Almost 5 years ago I was upstairs here at the market pitching to IDEAS for Us a pedal powered urban farming concept I was calling Fleet Farming. As part of that pitch I showed a video of my inspiration, a revolutionary young urban farmer named Curtis Stone, who was profitably farming just a 1/4 acre of borrowed land in Kelowna, BC Canada and creating a system to share his hard won knowledge with other aspiring urban farmers.
Since that time Curtis has become an indispensable authority on small scale urban agriculture. Through his best selling book The Urban Farmer, his online courses, his YouTube channel with almost a quarter million subscribers and countless international workshops, conferences and consultations, Curtis continues to push the boundaries of urban farming and is at the cutting edge of urban ag’s innovation.
Whether you are looking for a sustainably minded side-hustle or you’re ready to make urban farming you’re main gig, Curtis has a time-tested system to make that dream a reality. To put it frankly, he is going to show you how you can make up to $100,000 on just a quarter acre of land. He’s done it and now it’s your turn.
As our communities increasingly look to know where their food comes from and who’s grown it, urban farming is poised to answer those questions one backyard farm at a time.
It is totally possible to farm profitably in backyards and small underutilized parcels of land. Profitability is often elusive for beginning farmers because they don’t use the the specific farming techniques these small plots require and aren’t growing the right crops for their farm and market.
Curtis will be sharing how specializing in high value crops with short growing cycles is the key when selling to niche markets like restaurants, CSA’s and retail store.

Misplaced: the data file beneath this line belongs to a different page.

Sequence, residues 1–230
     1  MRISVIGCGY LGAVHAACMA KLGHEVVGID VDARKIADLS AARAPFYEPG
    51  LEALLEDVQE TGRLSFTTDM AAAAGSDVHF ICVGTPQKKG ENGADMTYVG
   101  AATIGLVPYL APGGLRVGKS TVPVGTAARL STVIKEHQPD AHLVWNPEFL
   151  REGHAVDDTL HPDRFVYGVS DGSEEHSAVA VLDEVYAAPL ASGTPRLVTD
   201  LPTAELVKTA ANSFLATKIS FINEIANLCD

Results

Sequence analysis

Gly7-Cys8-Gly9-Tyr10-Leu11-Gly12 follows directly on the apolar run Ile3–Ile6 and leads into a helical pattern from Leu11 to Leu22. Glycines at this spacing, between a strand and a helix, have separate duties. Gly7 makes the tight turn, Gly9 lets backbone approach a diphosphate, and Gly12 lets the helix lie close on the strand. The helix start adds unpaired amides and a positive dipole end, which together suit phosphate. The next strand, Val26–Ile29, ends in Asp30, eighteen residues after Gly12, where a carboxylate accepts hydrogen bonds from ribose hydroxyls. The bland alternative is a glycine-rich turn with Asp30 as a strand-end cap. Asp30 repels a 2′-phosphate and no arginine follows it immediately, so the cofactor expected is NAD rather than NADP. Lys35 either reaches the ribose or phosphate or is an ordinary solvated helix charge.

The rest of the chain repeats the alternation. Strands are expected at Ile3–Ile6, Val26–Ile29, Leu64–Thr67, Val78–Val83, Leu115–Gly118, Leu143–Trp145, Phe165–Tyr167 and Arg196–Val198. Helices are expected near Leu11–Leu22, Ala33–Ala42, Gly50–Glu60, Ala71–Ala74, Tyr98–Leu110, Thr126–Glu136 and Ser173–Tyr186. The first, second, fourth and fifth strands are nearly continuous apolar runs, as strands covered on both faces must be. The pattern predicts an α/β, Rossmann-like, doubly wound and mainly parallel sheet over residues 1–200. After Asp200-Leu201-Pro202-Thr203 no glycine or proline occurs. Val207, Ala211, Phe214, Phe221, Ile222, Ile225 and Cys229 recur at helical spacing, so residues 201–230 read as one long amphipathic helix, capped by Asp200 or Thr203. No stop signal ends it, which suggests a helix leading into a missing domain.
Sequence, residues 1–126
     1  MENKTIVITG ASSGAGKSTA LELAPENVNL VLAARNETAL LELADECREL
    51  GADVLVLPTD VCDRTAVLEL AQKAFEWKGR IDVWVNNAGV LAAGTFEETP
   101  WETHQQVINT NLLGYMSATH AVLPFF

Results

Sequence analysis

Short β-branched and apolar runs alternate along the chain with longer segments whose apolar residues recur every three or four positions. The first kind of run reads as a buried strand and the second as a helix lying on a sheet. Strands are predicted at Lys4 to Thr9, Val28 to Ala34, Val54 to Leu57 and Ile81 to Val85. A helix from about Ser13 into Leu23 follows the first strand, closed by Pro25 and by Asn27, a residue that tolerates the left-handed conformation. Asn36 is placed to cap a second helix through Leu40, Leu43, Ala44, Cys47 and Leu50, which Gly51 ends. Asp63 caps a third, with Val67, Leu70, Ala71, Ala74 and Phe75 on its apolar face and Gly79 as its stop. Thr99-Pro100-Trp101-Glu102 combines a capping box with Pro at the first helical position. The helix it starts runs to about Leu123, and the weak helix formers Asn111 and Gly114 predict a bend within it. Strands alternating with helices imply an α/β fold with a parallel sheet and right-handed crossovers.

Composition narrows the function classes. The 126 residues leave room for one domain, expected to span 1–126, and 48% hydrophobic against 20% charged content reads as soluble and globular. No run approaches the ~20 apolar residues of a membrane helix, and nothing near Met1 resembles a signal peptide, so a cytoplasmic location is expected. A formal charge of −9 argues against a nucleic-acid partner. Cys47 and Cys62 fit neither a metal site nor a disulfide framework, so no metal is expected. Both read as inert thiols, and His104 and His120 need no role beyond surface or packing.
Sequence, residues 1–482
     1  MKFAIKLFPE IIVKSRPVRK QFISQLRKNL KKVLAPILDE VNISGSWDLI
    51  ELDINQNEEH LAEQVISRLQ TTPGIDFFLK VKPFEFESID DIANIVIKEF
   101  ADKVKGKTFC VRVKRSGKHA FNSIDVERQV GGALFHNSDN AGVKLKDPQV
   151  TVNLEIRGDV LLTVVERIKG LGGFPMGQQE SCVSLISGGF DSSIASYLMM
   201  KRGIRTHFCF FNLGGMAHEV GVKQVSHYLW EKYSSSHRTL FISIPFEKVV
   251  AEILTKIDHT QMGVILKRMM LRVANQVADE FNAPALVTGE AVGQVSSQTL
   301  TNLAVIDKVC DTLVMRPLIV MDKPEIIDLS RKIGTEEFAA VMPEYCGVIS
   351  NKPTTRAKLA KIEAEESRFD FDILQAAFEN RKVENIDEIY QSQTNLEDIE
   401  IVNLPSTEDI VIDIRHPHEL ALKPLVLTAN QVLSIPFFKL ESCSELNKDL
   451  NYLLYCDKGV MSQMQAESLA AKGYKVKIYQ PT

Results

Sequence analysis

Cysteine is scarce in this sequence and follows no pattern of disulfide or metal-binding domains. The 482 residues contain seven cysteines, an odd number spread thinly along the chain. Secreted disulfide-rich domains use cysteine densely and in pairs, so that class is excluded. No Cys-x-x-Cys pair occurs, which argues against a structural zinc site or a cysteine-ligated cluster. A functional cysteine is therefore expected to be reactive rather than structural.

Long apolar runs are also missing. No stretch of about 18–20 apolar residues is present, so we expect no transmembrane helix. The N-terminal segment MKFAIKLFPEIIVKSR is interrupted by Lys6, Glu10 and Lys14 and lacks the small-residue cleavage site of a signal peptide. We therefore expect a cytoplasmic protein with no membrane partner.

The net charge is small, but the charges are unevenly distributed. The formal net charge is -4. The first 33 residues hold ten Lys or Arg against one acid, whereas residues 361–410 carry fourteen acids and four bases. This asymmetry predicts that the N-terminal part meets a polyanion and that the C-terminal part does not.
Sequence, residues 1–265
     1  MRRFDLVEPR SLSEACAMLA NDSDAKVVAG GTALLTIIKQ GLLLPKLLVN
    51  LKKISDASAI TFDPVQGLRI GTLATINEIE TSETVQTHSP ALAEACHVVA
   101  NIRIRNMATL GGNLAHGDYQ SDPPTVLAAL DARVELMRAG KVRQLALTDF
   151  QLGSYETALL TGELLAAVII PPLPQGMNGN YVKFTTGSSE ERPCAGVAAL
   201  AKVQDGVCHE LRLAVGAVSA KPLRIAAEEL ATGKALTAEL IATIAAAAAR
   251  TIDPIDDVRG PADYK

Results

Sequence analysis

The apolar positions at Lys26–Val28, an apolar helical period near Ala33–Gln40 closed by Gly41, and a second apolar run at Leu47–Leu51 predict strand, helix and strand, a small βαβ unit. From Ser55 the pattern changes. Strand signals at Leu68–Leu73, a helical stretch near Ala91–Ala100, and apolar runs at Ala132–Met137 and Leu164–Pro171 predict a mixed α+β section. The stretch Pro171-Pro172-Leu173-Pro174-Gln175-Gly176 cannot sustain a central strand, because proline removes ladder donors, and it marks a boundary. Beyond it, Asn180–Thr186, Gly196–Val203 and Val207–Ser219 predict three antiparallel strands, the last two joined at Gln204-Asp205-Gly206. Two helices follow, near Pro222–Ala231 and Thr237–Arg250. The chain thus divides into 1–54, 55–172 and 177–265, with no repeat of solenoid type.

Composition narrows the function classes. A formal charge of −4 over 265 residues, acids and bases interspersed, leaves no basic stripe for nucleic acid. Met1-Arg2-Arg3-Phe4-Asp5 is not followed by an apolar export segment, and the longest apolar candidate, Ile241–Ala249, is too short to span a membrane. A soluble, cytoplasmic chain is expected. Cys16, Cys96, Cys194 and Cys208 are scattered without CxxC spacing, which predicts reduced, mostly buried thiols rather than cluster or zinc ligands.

Since 2010, he’s been successfully farming on multiple urban plots in his city’s downtown and he’ll be demystifying his process for you. You too can farm on very small plots of land without the burden of buying you own land or the debt typically required to start up the usual infrastructure that most farms need. The truth is the financial barrier to entry in urban ag is actually pretty low. Thanks to his efforts and other pioneers, there are now tools that have been specifically designed and uniquely adapted to the small scale intensive farming Curtis’ espouses.
With the tips, strategies and tactics you’ll discover in his workshop you’ll shave two to three years off your farm’s start up and avoid the countless mistakes he made getting started. Even with more than a decade of hobby farming under my belt I always walk away from his workshops with a boatload of a’ha moments and knowledge bombs.
If you’ve even wondered if your passion for growing veggies could be a viable business, then these workshops are for you. You don’t need to make a huge financial investment or even own the land you want to farm. It’s all totally doable with the right ‘know how’ and that’s where these workshops come in!